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Avascular Necrosis

  • Author: Jeanne K Tofferi, MD, MPH, FACP; Chief Editor: Herbert S Diamond, MD  more...
Updated: Jun 16, 2016


Avascular necrosis (AVN) is defined as cellular death of bone components due to interruption of the blood supply; the bone structures then collapse, resulting in bone destruction, pain, and loss of joint function.

AVN usually involves the epiphysis of long bones, such as the femoral and humeral heads and the femoral condyles, but small bones can also be affected. In clinical practice, AVN is most commonly encountered in the hip.[1, 2] Most available data regarding the natural history, pathology, pathogenesis, and treatment of AVN pertains to femoral head necrosis.

AVN is associated with numerous conditions. Patients taking corticosteroids and organ transplant recipients are particularly at risk of developing AVN. AVN of the jaw has been described in patients taking bisphosphonates and, more recently, in 1.7% of cancer patients taking denosumab.[3, 4] For full discussion of this entity, see Bisphosphonate-Related Osteonecrosis of the Jaw.

Early diagnosis and appropriate intervention can delay the need for joint replacement. However, most patients present late in the disease course. Without treatment, the process is almost always progressive, leading to joint destruction within 5 years.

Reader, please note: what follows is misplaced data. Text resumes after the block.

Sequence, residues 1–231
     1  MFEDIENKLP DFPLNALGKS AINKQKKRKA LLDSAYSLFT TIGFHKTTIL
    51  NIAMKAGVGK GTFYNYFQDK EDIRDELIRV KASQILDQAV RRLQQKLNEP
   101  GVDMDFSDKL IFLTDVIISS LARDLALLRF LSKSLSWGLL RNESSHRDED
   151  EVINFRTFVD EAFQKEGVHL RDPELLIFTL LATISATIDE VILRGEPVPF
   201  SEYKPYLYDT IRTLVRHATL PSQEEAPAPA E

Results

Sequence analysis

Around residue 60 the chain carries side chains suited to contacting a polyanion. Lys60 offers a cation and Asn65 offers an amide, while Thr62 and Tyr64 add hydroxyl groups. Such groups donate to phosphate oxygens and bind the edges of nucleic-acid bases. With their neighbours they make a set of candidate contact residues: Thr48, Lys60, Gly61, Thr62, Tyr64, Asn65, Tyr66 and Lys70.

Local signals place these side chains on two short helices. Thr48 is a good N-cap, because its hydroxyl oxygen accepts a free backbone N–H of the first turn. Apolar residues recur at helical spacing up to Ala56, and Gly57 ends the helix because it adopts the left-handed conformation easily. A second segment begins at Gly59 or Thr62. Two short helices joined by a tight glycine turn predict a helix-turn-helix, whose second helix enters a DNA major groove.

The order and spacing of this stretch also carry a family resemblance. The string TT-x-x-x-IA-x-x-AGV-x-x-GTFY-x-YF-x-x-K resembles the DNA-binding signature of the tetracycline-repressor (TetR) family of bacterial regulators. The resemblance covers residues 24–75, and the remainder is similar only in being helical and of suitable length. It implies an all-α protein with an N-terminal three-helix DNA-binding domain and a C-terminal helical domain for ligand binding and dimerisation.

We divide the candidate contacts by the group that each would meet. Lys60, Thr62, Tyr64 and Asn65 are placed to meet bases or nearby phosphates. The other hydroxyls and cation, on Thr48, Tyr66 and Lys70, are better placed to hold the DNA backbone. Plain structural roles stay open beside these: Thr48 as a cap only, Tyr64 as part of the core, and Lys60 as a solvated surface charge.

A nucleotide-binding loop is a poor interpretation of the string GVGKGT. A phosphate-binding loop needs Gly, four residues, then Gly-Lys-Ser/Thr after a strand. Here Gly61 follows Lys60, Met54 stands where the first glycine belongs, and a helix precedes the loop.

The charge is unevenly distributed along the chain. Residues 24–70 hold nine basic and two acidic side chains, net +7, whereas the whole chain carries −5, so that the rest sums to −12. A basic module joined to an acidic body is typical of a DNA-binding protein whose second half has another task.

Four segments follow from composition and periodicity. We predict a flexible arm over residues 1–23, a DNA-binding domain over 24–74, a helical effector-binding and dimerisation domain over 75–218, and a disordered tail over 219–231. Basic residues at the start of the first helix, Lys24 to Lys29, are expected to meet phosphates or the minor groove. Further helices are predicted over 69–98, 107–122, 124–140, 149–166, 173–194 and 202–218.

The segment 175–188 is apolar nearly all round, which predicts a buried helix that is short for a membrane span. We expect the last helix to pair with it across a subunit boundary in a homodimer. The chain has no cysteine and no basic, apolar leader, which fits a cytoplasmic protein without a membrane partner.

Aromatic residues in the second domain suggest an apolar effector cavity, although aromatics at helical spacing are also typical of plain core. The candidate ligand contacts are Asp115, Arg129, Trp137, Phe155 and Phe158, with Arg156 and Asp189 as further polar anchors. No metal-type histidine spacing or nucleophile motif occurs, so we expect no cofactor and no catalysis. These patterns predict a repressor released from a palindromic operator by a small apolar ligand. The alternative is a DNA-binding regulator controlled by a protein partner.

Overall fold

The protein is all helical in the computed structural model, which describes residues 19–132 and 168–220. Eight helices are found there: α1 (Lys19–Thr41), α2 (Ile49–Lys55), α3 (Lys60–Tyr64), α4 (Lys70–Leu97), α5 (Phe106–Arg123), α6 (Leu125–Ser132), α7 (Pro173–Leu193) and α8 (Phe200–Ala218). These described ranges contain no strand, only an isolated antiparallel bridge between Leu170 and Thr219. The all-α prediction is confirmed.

Although the pathophysiology of AVN is not fully understood, the final common pathway is interruption of blood flow to the bone. AVN affects bones with a single terminal blood supply, such as the femoral head, carpals, talus, and humerus. These bones have limited collateral circulation. Interruption of the vascular supply and resultant necrosis of marrow, medullary bone, and cortex are theorized to be caused by the mechanisms listed below. However, individual patients usually have more than one risk factor; this indicates that the pathogenesis of AVN is likely multifactorial.